What Katy Perry, Ed Sheeran, and Lady Gaga May Have In Common

 
This post is guest authored by Bronte Story, a rising third-year law student at SMU Dedman School of Law. Bronte is one of our summer legal interns here at Maddrey PLLC, and we are happy to present this article. As always, I have reviewed this post for its legal and factual conclusions – Madeleine Shroyer
 
A jury recently ruled in favor of a Christian rap artist in a lawsuit against Katy Perry and her songwriting team. The Christian rapper, Marcus Gray, aka Flame, sued Perry in the US District Court of California for infringing his copyrighted work “Joyful Noise” when Perry released her song “Dark Horse,” which shared a strong resemblance to Gray’s work.
 
The jury determined the 2008 release of “Joyful Noise” was likely heard by Perry or her writing team before her release of “Dark Horse” in 2013. The jury also found that the Christian song was “sufficiently similar” to Perry’s, enough so to constitute copyright infringement.
 
The biggest arguments against Perry were the accessibility of Gray’s song and the fact that the songs shared a musical phrase consisting of “four C notes followed by two B notes.” However, Perry and her team testified they had never heard the 2008 track and refuted the common note argument claiming that is was a common musical phrase.
 
The court determined Perry, her label and her songwriting team now have to pay $2.7 million in damages to Gray. Perry and her legal team are planning to fight back against the jury ruling and the damages determination. Perry’s lawyer, Christine Lepera, was quoted saying that the “writers of ‘Dark Horse’ consider this a travesty of justice.”
 
The decision in Perry may have deep implications in the music industry by creating copyright precedent that highly favors the person claiming infringement. This may keep other big stars and their creative teams on their toes when making decisions in the music production stage. If short phrases and musical patterns are used against musicians in future infringement suits, popstars are likely to be targeted in future infringement suits as well.
 
Most recently, popstar/actress Lady Gaga has had also been hit with the threat of litigation. Although no suit has been filed, Gaga is being threatened with a multimillion-dollar lawsuit for allegedly infringing on the song “Almost” by Steve Ronsen when Gaga released the Oscar-winning song “Shallow” from the most recent “A Star is Born” film. Ronsen’s statement is based primarily on the use of a few shared notes – G,A,B– that correspond with the hook of “Shallow.”
 
Gaga has already hired attorney Orin Snyder and is proactively on the move to get this claim shut down. Ronsen’s legal team produced a musicologist report that stated the songs had multiple similarities, while Gaga has publicly come out professing her story of how the song was organically created between herself, the producer Mark Ronson, Anthony Rossomando and Andrew Wyatt in 2016.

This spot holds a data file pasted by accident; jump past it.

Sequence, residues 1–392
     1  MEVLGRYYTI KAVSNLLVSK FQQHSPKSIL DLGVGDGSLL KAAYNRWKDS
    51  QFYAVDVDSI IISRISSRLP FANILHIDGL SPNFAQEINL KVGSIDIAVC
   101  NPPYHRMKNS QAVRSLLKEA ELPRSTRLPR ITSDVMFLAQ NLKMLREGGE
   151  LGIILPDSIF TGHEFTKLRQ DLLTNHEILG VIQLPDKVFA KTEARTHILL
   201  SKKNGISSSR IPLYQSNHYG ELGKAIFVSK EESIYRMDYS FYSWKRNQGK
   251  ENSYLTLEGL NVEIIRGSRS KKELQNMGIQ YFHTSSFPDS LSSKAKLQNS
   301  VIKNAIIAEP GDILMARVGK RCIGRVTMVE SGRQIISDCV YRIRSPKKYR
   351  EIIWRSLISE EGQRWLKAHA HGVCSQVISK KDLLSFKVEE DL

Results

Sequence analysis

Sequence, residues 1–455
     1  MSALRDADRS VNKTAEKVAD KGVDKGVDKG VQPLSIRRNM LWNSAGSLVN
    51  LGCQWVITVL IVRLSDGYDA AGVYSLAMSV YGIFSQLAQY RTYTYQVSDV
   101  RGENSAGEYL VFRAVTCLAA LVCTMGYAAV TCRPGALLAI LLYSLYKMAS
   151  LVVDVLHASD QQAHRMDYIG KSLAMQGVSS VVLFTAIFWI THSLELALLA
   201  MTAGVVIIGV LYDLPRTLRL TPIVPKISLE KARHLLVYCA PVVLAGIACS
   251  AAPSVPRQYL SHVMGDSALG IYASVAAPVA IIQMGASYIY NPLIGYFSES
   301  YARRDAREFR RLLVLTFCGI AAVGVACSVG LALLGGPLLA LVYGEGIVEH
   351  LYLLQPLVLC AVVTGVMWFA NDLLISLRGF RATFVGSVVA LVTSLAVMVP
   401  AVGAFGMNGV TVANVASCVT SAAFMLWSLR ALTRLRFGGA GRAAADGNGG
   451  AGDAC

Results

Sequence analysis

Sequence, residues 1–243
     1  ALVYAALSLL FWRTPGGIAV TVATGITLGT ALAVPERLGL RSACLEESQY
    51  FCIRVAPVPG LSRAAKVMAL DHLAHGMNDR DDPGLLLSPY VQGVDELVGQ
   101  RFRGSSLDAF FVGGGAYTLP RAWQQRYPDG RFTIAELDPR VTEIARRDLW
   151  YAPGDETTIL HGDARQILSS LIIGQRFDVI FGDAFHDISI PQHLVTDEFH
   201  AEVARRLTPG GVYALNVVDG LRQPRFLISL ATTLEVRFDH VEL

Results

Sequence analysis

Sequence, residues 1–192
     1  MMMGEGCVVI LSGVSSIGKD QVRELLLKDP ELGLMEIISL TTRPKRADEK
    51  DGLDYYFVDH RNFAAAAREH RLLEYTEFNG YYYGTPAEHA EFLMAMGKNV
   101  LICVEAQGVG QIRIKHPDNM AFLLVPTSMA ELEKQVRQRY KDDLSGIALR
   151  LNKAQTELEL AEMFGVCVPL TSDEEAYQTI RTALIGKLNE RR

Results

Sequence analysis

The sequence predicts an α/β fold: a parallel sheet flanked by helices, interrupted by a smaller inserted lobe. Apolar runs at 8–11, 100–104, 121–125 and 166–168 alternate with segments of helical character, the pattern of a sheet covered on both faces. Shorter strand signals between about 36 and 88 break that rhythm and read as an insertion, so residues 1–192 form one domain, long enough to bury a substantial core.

If any given person were to listen to both “Almost” and “Shallow,” it seems they aren’t nearly as similar sounding to each other as the songs “Joyful Noise” and “Dark Horse” may sound. However, that doesn’t mean Ronsen lacks a legal claim. Time will tell to see if this dispute settles or if Gaga will face a similar fate to Perry.
 
These claims are only the most recent copyright infringement claims big music stars have encountered. For example, Robin Thicke and Pharrell Williams were forced to pay a $7.3 million in 2015 to Marvin Gaye’s estate for an infringement claim of their song “Blurred Lines.” The “Blurred Lines” creators were not the only ones who faced litigation from Gaye’s estate either. Ed Sheeran encountered infringement claims from the estate in 2018 for his 2014 hit song “Thinking Out Loud.”
 
Not only have there been multiple suits against major popstars, but there are likely to be many more following the holding in Perry’s case and Gaga’s new litigation storm she possibly faces. As more claimants receive compensation and judgment on their side of the litigation front, it is likely more popstars will confront undesirable outcomes in these situations. This may be beneficial for the underdog musicians seeking justice for legitimate infringement claims. On the other hand, holdings that reveal infringement for the mere use of a few notes or cord progressions may have negative effects on the precedent and principles of copyright law that should be inspiring, not discouraging, creativity.
 


About the Author
Thomas Maddrey is the founder and managing partner of Maddrey PLLC. Prior to attending law school, Tom was a commercial photographer, entrepreneur, and gallery owner. His work in both the arts and as a business owner has given him a unique perspective on the needs of owners and creatives, as well as an understanding of the obstacles they face.
Learn more about Thomas Maddrey HERE.